If a Project Sponsor is prepared and equipped to come out with absolutely clear and usable directions for all those gathered - a very public declaration of the answers to the Three Key Questions, for example - in terms that ought to reduce or eliminate uncertainty (see 4. Clearly, Clarity below), that would make for a useful kick off meeting.
Unfortunately, they aren't often working meetings. They're more often casual and poorly planned meet and greet sessions that don't accomplish much more than putting faces to names.
Worse yet, a Project Sponsor might leave such a meeting with the impression that their work is largely done - "I've encouraged the team, and set the tone and direction for the project..." - when in fact, it's just beginning.
If a kick-off meeting has the potential to be nothing more than social occasion, if it shows all the signs of the Project Sponsor sprinkling a little holy water on the project and then never being seen again, don't bother.
The great value of experience aside, we need to be able to explain to sponsors that project experience is different - no, sponsoring a project is not just like running a division, no, it's not just like being effective in marketing a product - it's all of this, and more, and different.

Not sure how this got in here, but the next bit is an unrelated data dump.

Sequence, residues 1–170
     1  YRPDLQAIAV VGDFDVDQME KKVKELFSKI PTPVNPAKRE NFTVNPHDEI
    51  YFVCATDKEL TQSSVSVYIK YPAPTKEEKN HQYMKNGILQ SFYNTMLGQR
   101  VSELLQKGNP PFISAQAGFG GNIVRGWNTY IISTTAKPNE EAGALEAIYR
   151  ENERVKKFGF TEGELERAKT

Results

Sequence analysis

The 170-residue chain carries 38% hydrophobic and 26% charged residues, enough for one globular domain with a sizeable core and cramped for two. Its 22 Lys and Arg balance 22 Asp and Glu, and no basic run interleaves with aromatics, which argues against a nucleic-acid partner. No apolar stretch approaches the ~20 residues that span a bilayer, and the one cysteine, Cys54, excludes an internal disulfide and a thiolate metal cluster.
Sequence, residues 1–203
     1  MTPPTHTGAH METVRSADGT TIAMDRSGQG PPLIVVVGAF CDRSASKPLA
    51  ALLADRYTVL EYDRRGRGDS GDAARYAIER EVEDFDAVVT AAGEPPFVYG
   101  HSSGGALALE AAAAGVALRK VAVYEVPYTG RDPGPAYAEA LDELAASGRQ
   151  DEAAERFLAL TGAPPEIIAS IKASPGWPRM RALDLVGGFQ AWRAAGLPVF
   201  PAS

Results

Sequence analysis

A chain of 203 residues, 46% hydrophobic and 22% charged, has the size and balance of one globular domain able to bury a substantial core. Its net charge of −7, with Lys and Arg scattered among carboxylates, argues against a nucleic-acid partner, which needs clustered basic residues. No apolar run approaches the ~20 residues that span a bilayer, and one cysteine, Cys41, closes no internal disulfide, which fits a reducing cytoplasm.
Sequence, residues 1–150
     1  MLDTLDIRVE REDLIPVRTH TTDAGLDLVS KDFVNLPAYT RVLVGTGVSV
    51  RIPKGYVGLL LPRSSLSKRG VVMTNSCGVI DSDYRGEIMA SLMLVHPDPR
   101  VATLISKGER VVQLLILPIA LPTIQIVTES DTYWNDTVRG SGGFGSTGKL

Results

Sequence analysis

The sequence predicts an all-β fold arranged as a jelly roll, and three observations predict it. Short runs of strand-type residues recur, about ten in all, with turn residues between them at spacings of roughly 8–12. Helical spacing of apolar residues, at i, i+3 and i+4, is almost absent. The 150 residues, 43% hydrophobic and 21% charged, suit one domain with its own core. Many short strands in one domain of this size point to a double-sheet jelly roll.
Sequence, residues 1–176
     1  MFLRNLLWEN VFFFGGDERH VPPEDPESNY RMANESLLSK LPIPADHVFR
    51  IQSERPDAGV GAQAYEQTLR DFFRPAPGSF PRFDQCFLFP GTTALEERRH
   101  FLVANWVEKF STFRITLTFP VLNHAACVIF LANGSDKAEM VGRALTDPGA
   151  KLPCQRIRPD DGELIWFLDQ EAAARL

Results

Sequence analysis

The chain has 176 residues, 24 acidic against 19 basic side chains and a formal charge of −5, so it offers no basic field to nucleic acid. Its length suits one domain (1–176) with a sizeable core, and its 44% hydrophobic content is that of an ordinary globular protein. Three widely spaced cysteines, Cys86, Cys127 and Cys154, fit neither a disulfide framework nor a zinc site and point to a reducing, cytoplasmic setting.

And we need to be able to explain that Project Sponsorship is not an occasional thing, but an active thing, a verb more than a noun, an important commitment that will demand time, engagement and most importantly accountability.
And here's the big kicker that sponsors need to be aware of: whether a project succeeds or fails, a Project Sponsor should be accountable for that success or failure, as much or more than anyone on the project team, including the project manager.
And the executive the sponsor works for needs to understand this too.
What to Do
But just knowing all this doesn't help much, does it? And you're not likely to be well-received by a sponsoring executive if you're pointing out that he or she is probably unqualified for the job
But there are things you can do to help make a more effective Project Sponsor on your project.
1. Sponsors: Train and Educate
I'd never propose play the role of CFO for one of my clients, and certainly not without formal training in finance and accounting first, and a lot of experience besides. It's interesting that some people think that a project sponsor might be able to do that job without any training at all.